Mitochondrial control region sequence variation within the argali wild sheep (Ovis ammon): evolution and conservation relevance

Mitochondrial control region sequence variation within the argali wild sheep (Ovis ammon):... INTRODUCTION The argali or arkhar (O. ammon) of Central Asia is distributed following a cline of closely related subspecies within the genus Ovis, family Caprinae, order Cetartiodactyla (note: the order name is following Montgelard et al (1997)). Argali is the Mongol word for wild sheep and is commonly used to designate all wild sheep of the type ammon. The argalis are mainly distributed in the highlands of central Asia: from Afghanistan, Uzbekistan, Tajikistan, Kyrgyzstan, Kazakhstan to China and Mongolia. They range from the Russian and Mongolian Altai east through the Gobi Desert to Inner Mongolia of China, and south through the Tian Shan complex, Trans-Alai and Altai ranges and eastern Pamirs, west to the Nura Tau and Kara Tau Ranges and east through the Tibetan Plateau and the Himalayas in Ladak, Nepal, Sikkim and Bhutan, which is roughly 0.59 million km2 (Clark 1964; Valdez 1982; McElroy 1991). The subspecific classification of argalis remains problematic and the number of putative subspecies ranges from 6 to 15 (Clark 1964; Schaller 1977; Valdez 1982; Feng 1986; Mitchell 1989, unpublished data; Geist 1991; Wang 1991; Tan 1992; Yu 1994; Bunch et a L 1998; Bunch et aL 1999). The argalis endemic to http://www.deepdyve.com/assets/images/DeepDyve-Logo-lg.png Mammalia - International Journal of the Systematics, Biology and Ecology of Mammals de Gruyter

Mitochondrial control region sequence variation within the argali wild sheep (Ovis ammon): evolution and conservation relevance

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Publisher
de Gruyter
Copyright
Copyright © 2009 Walter de Gruyter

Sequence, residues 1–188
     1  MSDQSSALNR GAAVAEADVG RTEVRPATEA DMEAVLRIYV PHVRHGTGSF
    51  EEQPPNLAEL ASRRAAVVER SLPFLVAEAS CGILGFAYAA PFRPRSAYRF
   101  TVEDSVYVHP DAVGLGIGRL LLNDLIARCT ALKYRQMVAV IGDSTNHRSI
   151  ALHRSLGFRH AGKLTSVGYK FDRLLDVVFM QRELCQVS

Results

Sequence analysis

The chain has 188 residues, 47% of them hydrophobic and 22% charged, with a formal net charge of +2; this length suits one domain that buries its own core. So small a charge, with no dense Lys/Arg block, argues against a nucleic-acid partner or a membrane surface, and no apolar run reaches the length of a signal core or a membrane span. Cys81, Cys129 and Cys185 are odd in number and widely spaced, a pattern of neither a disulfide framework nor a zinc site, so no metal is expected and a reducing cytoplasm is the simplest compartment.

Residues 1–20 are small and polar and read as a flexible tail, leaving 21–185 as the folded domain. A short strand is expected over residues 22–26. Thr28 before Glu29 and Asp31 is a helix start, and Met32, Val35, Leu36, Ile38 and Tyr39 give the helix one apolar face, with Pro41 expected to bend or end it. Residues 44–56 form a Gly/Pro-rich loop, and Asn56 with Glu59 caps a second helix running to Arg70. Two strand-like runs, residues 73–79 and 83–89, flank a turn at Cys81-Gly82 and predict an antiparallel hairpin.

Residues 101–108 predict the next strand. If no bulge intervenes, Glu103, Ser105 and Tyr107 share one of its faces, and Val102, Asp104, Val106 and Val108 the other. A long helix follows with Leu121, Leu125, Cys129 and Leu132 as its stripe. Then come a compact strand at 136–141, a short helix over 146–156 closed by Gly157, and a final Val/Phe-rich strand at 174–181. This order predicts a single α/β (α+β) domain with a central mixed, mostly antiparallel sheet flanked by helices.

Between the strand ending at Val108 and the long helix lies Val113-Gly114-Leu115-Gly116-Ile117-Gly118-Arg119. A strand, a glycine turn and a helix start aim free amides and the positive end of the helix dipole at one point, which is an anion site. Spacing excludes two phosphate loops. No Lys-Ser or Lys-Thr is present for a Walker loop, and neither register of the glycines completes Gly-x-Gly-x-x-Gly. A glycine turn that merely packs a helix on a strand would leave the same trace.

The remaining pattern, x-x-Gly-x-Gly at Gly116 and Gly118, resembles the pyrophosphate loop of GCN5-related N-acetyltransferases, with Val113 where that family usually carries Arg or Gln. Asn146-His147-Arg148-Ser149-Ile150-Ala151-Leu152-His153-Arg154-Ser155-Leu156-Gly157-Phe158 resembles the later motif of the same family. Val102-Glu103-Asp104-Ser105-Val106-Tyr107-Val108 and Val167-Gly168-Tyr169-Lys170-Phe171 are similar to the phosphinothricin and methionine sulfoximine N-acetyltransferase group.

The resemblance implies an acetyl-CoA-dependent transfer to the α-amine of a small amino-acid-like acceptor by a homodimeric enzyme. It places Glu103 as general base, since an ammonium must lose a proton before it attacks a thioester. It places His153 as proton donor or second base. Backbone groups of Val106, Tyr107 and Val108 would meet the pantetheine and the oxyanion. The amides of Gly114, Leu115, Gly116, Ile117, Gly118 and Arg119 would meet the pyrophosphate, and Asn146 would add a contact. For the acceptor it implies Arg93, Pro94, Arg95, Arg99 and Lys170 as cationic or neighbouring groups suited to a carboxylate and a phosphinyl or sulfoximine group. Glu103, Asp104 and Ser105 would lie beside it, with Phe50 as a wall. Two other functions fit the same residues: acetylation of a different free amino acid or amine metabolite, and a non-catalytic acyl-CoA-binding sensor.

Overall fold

ISSN
0025-1461
eISSN
1864-1547
DOI
10.1515/mamm.2003.67.1.109
Publisher site
See Article on Publisher Site

Abstract

INTRODUCTION The argali or arkhar (O. ammon) of Central Asia is distributed following a cline of closely related subspecies within the genus Ovis, family Caprinae, order Cetartiodactyla (note: the order name is following Montgelard et al (1997)). Argali is the Mongol word for wild sheep and is commonly used to designate all wild sheep of the type ammon. The argalis are mainly distributed in the highlands of central Asia: from Afghanistan, Uzbekistan, Tajikistan, Kyrgyzstan, Kazakhstan to China and Mongolia. They range from the Russian and Mongolian Altai east through the Gobi Desert to Inner Mongolia of China, and south through the Tian Shan complex, Trans-Alai and Altai ranges and eastern Pamirs, west to the Nura Tau and Kara Tau Ranges and east through the Tibetan Plateau and the Himalayas in Ladak, Nepal, Sikkim and Bhutan, which is roughly 0.59 million km2 (Clark 1964; Valdez 1982; McElroy 1991). The subspecific classification of argalis remains problematic and the number of putative subspecies ranges from 6 to 15 (Clark 1964; Schaller 1977; Valdez 1982; Feng 1986; Mitchell 1989, unpublished data; Geist 1991; Wang 1991; Tan 1992; Yu 1994; Bunch et a L 1998; Bunch et aL 1999). The argalis endemic to

Journal

Mammalia - International Journal of the Systematics, Biology and Ecology of Mammalsde Gruyter

Published: Jan 1, 2003

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